Trading Spaces: how deadline day impacted the Leafs and their chances
The National Hockey League’s much-ballyhooed trade deadline came and went yesterday will a lot of talk but little action. As is quickly becoming tradition, the TSN-fuelled fanfare overshadowed the event itself. Few teams made any deals of real consequence (though a couple did), and most of the trades involved tweaks on the margins.
The Toronto Maple Leafs made a single move—sending minor-leaguer John Mitchell to the New York Rangers for a seventh-round pick in 2012—but they were neither a buyer nor a seller on deadline day, in large part because general manager Brian Burke had made his moves in advance of the deadline day bonanza, much like other wise GMs around the league. With that in mind, we take a look at what the moves of note around the Eastern Conference mean for the Leafs, both this season and next.
1. The dearly departed
Dealing Tomas Kaberle, François Beauchemin and Kris Versteeg in exchange for more firepower and more youth earlier this month turned out to be the “major surgery” Burke quipped about in the lead-up to the deadline. Many thought more moves were in the offing (including, it seemed, Burke himself), but it wasn’t a buyer’s market out there, and Burke isn’t one to make a change for the sake of change itself. That said, the Leafs now have two gaping holes to fill for next season: a skilful, puck-handling defenceman and a first-line centre. The free-agent market will be tough, so let’s see if Burke can work his magic in the off-season.
2. Will he stay or will he go?
At first, it looked like Clarke MacArthur was on his way out the door. Then, overnight, the frosty relationship between the team and its top scorer thawed a little. He’s still a Maple Leaf, but for how long? According to the Globe and Mail, MacArthur and the Leafs are entrenched in a fierce game of contract hardball, and it’s uncertain whether the impasse will be resolved by next season. If his production continues on an upward trajectory, keeping MacArthur around could quickly become one of Burke’s top priorities.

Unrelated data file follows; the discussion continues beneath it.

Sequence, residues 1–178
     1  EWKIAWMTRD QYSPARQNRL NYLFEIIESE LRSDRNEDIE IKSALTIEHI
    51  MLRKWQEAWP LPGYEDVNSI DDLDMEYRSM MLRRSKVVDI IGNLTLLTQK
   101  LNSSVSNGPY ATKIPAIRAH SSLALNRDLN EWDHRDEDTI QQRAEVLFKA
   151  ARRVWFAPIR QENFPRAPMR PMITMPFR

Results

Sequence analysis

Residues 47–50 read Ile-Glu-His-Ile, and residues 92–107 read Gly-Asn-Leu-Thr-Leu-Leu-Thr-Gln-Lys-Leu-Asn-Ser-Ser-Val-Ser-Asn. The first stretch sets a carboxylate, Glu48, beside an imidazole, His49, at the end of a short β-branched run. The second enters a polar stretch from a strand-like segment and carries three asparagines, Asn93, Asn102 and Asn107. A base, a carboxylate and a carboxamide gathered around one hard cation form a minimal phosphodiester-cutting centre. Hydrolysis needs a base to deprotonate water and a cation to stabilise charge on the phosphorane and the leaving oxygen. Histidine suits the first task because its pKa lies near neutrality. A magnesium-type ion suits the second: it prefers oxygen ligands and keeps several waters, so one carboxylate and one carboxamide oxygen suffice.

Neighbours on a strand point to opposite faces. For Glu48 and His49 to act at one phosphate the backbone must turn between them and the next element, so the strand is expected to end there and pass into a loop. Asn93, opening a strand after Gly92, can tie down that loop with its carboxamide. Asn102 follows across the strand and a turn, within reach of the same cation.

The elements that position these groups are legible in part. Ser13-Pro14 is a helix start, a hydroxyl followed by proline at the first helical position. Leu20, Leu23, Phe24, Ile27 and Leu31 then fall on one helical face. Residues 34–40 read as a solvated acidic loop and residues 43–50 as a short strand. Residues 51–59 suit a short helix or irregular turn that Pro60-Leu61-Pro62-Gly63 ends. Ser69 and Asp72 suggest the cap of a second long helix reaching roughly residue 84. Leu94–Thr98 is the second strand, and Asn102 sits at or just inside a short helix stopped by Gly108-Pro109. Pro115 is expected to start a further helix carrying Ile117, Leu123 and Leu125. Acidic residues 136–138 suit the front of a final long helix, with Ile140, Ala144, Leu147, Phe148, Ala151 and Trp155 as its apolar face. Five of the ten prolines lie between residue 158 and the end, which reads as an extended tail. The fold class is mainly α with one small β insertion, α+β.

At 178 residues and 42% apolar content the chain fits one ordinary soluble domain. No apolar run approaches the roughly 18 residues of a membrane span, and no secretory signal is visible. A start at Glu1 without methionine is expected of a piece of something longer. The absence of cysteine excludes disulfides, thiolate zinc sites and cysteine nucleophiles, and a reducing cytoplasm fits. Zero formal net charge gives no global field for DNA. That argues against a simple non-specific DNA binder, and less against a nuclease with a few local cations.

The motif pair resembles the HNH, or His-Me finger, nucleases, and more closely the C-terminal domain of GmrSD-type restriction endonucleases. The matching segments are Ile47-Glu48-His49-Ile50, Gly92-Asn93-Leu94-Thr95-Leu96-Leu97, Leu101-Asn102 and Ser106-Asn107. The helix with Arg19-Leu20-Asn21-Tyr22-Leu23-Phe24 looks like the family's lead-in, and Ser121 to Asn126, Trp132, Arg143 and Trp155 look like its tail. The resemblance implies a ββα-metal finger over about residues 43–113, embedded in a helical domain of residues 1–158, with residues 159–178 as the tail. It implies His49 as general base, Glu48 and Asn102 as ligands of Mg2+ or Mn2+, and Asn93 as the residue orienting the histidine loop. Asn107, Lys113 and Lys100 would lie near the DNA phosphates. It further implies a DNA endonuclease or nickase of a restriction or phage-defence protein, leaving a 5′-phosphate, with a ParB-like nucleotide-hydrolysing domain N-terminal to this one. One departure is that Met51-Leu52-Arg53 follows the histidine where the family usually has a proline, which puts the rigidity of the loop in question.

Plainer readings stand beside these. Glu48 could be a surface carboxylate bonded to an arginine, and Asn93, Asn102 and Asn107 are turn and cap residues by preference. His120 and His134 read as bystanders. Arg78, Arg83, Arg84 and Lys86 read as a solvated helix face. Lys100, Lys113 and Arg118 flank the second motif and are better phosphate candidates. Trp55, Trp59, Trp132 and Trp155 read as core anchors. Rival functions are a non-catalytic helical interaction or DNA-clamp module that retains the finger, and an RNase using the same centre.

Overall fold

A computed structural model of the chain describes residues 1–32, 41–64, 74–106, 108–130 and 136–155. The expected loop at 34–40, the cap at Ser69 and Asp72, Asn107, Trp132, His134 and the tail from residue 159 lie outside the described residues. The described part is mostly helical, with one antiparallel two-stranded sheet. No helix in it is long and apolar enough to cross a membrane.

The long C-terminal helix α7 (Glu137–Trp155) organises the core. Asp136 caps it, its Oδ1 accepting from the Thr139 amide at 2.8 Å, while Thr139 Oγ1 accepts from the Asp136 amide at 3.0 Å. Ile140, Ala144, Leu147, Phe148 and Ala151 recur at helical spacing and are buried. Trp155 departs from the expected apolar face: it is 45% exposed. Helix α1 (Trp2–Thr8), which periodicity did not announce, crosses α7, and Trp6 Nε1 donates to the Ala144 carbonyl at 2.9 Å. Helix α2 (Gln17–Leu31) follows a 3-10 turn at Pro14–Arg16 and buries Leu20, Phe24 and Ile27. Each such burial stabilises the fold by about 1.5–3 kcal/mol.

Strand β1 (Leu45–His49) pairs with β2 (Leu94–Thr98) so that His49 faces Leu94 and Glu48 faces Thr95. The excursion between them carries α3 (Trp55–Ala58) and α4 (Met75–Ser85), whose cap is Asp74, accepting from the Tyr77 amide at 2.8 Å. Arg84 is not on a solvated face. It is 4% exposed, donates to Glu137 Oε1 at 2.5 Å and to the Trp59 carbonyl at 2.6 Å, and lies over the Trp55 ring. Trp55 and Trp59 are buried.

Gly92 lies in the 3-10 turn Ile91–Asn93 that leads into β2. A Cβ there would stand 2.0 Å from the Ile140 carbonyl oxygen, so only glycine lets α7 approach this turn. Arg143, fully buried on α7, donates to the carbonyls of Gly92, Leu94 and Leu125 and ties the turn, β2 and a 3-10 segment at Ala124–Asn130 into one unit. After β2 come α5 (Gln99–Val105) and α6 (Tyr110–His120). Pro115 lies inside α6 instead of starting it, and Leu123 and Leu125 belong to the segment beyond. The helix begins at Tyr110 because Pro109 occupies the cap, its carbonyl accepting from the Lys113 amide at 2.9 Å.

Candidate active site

3. Draft day manoeuvres and other magic
Burke may not have made any major moves on deadline day, but there are whispers that he’s keeping a rabbit in his hat until draft day. The Leafs GM is expected to trade his two first-round picks and several others in the later rounds for an established player or players that can pay immediate dividends. Burke pulled off one of the greatest draft-day swaps in NHL history while in Vancouver. There’s no telling what sort of scenarios he might be dreaming up for June.
4. The competition
It sure would have been nice if a contender decided to take injury-prone J.S. Giguere and his massive contract off the Leafs’ hands, but that didn’t happen. What did happen around the Eastern Conference is that the Washington Capitals went for broke and the Florida Panthers and Ottawa Senators cleaned house. The Caps’ run for glory has little consequence for the Leafs—even in the unlikeliest of scenarios where Toronto does actually make the post-season—but the Florida and Ottawa fire sales are of interest. Both those teams are in roughly the same spot as the Leafs today. However, the Panthers’ and Senators’ moves over the last month were designed solely for a better, albeit distant, tomorrow. That can’t be said with the same conviction for the Leafs.
• Little changes for Burke on deadline day [Globe and Mail]
• More fine-tuning than fireworks [Globe and Mail]
• Cox: Caps, Canucks and Kings beef up on dull deadline day [Toronto Star]
• Panthers clean house; Leafs remain quiet [Toronto Star]
• Deadline Day: No big deal for Maple Leafs [Toronto Star]
• Leafs best move was standing pat [National Post]